Austin Spriggs, 19, a sophomore at Virginia Union University in Richmond, cast his first ballot for President Obama. He said he forgave the president for not fully righting the economy and was willing to let him finish the job.
"We're all human, we all make mistakes," Spriggs said. "We do the best we can to not repeat those mistakes."
Don Musselman, a 75-year-old retired appliance salesman from Chesterfield County, voted for Romney but not enthusiastically.
"To be honest, I didn't want either one of them," he said. But he said Obama "is causing us to pay too much taxes and giving away too much money."
Said Musselman, "I want to see some change come. It's more economics than anything else."
Penny Taylor, 54, an insurance worker from Henrico County, voted for Romney. Her husband has been laid off twice in the last four years from jobs in construction management and is now doing temporary work.
"He aligns more with my values and also, I think we need a change to help the economy. ... I think he has a lot of experience in the business arena and hopefully he'll be able to bring that into the government."
Josh and Erin Evans survived the long wait at a polling place across from Virginia Union University in Richmond and voted for Obama, but each arrived at the decision differently.
"I feel conflicted," Erin Evans, 30, a registered nurse, said. "Financially I'm one way, the health care stuff another way."
Her husband, also a medical professional, was swayed by the passage of comprehensive health care reform, and Romney's ill-chosen, secretly recorded words describing nearly half the population as dependent on the government.
"What really pissed me off was the 47 percent comment," said Evans, 29, adding that his voting record through the years has been split Republican and Democrat. "At that point, it made it no questions asked for me. Before that I was still trying to figure out who was doing what, but I was still probably pro-Obama from the previous four years."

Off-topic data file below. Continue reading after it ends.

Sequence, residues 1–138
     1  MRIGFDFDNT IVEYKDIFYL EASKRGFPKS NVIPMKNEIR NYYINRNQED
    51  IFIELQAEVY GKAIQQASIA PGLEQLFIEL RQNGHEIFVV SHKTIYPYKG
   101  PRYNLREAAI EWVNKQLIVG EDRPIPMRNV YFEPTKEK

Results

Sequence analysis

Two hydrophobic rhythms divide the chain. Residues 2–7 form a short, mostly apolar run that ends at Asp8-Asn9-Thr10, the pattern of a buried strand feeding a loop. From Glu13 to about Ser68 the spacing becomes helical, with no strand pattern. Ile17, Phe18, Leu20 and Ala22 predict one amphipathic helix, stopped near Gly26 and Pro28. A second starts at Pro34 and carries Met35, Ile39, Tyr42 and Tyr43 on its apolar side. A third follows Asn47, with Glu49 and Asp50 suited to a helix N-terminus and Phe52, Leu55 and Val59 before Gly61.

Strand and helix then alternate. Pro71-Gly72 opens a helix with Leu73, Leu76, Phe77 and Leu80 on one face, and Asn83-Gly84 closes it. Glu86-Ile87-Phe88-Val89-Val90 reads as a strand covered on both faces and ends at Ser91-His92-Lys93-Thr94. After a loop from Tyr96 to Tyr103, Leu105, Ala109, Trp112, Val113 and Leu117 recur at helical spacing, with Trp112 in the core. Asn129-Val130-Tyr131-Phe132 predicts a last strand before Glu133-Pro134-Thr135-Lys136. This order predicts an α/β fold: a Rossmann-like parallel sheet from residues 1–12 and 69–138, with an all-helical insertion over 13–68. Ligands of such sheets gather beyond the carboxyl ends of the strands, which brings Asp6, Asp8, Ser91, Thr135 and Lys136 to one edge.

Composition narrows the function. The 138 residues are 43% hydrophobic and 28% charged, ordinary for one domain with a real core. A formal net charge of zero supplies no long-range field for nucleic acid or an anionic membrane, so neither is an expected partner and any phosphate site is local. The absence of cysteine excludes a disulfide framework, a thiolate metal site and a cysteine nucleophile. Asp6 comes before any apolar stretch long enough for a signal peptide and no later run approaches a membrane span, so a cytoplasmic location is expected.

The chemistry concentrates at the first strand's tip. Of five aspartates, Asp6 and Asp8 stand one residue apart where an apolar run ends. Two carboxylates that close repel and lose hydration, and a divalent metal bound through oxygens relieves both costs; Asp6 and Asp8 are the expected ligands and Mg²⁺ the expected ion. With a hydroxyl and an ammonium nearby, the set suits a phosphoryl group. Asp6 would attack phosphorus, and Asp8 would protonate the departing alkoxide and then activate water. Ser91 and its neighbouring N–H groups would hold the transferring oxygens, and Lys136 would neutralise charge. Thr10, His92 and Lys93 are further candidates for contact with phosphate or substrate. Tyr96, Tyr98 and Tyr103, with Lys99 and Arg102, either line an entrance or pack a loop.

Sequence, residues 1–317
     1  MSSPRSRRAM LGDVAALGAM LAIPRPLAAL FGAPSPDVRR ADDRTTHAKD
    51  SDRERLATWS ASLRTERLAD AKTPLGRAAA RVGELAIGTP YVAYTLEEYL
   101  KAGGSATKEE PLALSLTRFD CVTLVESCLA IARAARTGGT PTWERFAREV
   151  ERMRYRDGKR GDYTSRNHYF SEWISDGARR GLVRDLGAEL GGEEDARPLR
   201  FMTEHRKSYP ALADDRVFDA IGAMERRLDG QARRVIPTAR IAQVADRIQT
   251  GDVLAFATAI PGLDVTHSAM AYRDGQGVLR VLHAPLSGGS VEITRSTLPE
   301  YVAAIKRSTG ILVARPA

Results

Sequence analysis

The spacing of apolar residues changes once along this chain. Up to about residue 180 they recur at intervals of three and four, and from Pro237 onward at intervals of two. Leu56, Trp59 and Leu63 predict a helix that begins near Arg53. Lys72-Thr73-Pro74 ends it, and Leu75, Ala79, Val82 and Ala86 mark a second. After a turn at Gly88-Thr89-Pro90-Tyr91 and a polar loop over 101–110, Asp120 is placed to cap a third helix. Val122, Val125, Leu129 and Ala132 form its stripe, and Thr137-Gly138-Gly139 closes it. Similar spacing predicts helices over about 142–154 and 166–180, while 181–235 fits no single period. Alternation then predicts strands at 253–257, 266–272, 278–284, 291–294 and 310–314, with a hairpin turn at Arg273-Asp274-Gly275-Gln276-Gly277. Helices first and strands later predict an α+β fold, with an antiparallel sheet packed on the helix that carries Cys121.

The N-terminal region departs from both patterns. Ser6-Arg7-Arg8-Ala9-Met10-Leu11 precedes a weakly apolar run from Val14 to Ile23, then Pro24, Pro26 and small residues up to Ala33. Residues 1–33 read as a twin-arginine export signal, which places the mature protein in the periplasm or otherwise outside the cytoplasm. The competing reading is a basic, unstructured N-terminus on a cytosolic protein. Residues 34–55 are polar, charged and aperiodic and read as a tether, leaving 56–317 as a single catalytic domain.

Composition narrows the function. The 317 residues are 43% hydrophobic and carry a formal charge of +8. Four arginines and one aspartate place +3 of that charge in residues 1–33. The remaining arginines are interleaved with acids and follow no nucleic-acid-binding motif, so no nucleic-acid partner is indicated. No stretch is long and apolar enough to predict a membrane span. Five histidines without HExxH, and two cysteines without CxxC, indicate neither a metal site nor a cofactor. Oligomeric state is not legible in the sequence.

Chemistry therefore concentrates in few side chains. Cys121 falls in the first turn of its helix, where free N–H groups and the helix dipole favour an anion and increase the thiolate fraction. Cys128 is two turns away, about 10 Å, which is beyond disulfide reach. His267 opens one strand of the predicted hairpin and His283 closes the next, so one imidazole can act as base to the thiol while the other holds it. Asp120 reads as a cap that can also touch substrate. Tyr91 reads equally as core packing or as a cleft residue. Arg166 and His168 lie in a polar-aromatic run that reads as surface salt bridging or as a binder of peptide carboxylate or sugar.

Beverly Webb, a 53-year-old salon owner from Chesterfield County, said she voted a straight Democratic ticket.
"I believe Obama is passionate about people," she said. "I also like the health care, which drove me to make the choice."
Webb, who said she voted for President George W. Bush eight years ago, also praised Obama's views on women's rights issues and his bailout of the auto industry. And she said the economy is rebounding under Obama's leadership.
"Banks are lending money, people are buying cars, staying in their homes and getting jobs," she said.
Rick Higgins, 51, and his wife, Monica Morris, 47, described themselves as independents but both voted a straight Democratic ticket at their Richmond polling place. Each voted for Obama for a second time.
"I still love him," said Monica Morris, a physician. "He's a sea of calm."
Higgins, a web developer, said he simply liked the direction the country was going under Obama.
"To me it's either progressive change, look for new things, or keep things the way they were," he said.
"The way there were in 1950," Morris said.